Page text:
Australia has many native rainforests, locating from the top of Australia in QLD, all the way down the Australian coast through NSW and Victoria. Woodland and rainforests are also located in South Australia and Western Australia. There is 4 % of Australia s forest left since European settlement. When they first settled they cleared most of the forested land for agriculture and for their settlement. With only 4 % left though of our native forests, it brings to a point if we should log them or not.
After looking at both points of view, I can see why conservationists are so passionate about stopping the logging to Australia s native forests, but on the other hand why logging companies are adamant that they need access to native forests. If we stopped logging completely Australia wouldn t be earning $4 billion. Also 182,500 people are employed in the forest industries, if logging was to stop there is a huge number of jobs at risk, and would leave Australia with a huge unemployment list. Conservationists though are worried about Australia losing its native forest, which would cause a huge economic lose with no tourists coming to Australia to see the native forests. A huge number of animals would also loose their homes, and also the habitats of new plants would be destroyed.
Conservationists point of view is to do with the greenhouse effect, salinity problems, the native forest being sold for 9 cents a cubic meter when commercial forest is being sold at $10.00 a cubic meter, and as said Australia s tourism and animals/plants habitat. Using heavy machinery and trucks and tractors for logging and harvesting is adding to the greenhouse effect, which is already bad enough. Australia lacks in native soft woods, and having our native forest sold at 9 cents a cubic meter compared to commercial being sold at $10.00 a cubic meter is insane. Australia thrives on tourists bringing money into the country. With our forests being logged, this equals less tourists which equals less money for Australia.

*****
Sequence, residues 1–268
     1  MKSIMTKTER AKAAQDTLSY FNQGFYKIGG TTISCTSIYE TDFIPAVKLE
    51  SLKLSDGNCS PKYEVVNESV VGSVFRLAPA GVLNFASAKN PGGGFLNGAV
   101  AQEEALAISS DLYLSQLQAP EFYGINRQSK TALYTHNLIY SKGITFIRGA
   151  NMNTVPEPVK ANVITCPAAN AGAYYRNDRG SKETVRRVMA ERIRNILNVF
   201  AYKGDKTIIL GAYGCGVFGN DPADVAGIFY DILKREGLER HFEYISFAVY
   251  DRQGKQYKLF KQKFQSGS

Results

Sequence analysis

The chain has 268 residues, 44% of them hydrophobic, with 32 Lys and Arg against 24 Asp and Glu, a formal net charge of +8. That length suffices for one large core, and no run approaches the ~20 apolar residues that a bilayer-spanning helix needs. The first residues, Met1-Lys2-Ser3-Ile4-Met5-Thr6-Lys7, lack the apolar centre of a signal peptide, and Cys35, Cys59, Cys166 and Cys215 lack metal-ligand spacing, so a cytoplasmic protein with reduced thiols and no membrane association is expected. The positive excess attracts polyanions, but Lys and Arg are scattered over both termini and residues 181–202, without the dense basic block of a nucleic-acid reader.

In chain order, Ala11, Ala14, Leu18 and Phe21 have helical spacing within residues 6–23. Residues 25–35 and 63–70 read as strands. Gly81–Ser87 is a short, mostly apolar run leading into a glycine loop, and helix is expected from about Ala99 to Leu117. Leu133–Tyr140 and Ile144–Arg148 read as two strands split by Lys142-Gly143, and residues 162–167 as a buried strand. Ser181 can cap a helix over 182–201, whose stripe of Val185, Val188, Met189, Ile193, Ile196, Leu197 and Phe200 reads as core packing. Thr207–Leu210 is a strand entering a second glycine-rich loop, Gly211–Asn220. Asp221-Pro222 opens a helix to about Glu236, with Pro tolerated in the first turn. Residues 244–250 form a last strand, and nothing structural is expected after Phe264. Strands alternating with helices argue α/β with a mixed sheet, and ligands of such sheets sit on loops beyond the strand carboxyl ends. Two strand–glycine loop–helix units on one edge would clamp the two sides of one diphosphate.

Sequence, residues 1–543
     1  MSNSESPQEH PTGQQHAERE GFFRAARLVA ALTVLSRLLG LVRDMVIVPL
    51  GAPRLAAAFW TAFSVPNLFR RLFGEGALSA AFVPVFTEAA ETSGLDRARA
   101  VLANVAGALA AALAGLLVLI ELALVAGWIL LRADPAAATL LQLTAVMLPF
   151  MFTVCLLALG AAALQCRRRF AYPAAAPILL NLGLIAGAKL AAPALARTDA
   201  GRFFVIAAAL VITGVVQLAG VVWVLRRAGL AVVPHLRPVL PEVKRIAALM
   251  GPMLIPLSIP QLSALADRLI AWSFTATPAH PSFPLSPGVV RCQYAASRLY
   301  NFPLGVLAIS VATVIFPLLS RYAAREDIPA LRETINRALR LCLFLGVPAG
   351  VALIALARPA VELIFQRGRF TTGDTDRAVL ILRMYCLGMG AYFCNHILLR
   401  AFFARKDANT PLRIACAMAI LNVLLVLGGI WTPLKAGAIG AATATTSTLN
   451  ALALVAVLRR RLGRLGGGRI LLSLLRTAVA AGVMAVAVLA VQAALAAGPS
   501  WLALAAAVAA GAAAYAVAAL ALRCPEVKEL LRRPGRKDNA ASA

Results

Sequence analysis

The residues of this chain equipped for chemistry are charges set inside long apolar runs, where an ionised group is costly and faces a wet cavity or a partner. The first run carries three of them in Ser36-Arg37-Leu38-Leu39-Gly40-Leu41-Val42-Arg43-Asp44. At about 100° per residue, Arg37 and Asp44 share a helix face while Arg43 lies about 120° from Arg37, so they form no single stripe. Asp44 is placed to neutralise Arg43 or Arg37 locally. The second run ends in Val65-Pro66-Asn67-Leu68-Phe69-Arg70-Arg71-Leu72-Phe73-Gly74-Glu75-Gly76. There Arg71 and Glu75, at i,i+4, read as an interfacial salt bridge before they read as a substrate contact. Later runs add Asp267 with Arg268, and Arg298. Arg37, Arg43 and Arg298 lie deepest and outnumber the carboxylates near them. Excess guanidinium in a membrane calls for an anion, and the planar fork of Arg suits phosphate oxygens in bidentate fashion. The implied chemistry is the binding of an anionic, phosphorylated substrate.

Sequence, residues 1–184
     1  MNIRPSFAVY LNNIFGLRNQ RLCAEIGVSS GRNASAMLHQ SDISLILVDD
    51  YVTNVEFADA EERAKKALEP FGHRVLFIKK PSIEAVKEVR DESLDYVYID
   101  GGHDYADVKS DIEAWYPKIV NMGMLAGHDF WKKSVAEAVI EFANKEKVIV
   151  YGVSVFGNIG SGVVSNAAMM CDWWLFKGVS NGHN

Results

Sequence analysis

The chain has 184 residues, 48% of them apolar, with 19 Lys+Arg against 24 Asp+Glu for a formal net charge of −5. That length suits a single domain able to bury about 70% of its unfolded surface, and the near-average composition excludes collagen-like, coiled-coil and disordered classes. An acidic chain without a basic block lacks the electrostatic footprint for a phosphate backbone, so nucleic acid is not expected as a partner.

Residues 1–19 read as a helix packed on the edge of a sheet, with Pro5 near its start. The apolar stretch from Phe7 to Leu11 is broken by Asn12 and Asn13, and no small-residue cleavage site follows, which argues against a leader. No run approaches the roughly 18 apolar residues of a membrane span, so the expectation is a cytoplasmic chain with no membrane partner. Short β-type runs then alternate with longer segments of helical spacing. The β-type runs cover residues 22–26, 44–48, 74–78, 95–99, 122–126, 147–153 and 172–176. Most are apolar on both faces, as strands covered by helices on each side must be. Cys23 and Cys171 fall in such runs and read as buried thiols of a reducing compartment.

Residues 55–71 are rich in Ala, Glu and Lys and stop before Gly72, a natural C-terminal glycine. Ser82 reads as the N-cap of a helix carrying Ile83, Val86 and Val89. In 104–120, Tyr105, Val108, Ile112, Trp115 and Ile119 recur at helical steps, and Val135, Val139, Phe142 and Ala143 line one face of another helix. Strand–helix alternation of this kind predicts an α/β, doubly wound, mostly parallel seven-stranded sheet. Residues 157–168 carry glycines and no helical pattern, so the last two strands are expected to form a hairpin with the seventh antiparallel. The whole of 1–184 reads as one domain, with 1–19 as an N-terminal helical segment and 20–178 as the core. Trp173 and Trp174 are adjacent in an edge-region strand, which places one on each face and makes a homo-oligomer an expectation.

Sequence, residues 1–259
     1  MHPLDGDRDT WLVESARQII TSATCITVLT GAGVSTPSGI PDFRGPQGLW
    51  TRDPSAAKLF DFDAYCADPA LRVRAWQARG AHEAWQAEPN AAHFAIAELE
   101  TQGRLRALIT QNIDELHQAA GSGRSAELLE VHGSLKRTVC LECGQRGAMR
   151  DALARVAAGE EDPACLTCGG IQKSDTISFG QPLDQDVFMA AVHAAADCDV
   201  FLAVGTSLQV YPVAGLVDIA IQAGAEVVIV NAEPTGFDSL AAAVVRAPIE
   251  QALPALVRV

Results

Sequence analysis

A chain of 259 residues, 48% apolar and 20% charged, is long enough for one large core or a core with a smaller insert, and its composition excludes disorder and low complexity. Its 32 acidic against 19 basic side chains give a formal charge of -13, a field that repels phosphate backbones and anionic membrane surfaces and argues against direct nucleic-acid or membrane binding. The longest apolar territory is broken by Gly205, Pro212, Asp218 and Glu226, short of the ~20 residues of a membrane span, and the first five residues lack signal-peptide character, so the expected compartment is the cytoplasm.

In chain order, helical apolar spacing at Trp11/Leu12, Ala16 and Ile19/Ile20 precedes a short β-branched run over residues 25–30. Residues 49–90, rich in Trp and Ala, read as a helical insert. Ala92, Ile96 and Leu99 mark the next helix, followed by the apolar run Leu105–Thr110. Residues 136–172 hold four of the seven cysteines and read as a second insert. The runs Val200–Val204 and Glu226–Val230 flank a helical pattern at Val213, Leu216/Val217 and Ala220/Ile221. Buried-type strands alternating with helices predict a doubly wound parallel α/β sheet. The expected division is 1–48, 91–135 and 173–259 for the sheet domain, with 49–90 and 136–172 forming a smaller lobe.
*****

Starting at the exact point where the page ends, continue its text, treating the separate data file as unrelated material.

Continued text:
The logging point of view is that it needs to continue. It is widely recognised that a community needs timber, paper, tissue, cardboard, furniture and many other products made from wood. Logging is supervised by government forest management agencies to control short-term damage, and to protect a wide range of forest values, which include water catchments, flora and fauna, soil, and landscape. Logging discontinuing would cause around 182,500 people to become unemployed, leaving taxpayers with higher rates to cover for all of these people on the doll.
In this question I am sitting on the fence, and think that there should be a balance between conservationists and logging. I am taking this position; because there is no way you could completely stop logging as argued above, but something has to be done or Australia is going to be left without our native forests, and also as argued above this would stop tourists etc. conservationists though want to stop logging, but they use tissues, paper, furniture etc. They cant have it both ways. If we stop logging they would have to replace wood with other products such as plastics and metals that are more harmful to the ozone layer. Loggers though being adamant to get access to the remaining native forests though cant happen, until I say more seedlings are planted in protected areas. Preserving an entire forest estate would diminish our native forests. With modern adaptive management techniques, and strict codes of practise, native forests can provide a full range of products and benefits on a sustainable basis forever. Therefore from these facts I have presented I believe we have to log our native forests, only if it is controlled and new trees are being planted.
The only real solutions to Australia s huge dilemma are planting new forests as said above. Stop wood chipping, but value added products. And a huge way that helps is recycling. If we put these into action it may give a better balance and hopefully help more in the problems that are going on with the conservationists and loggers.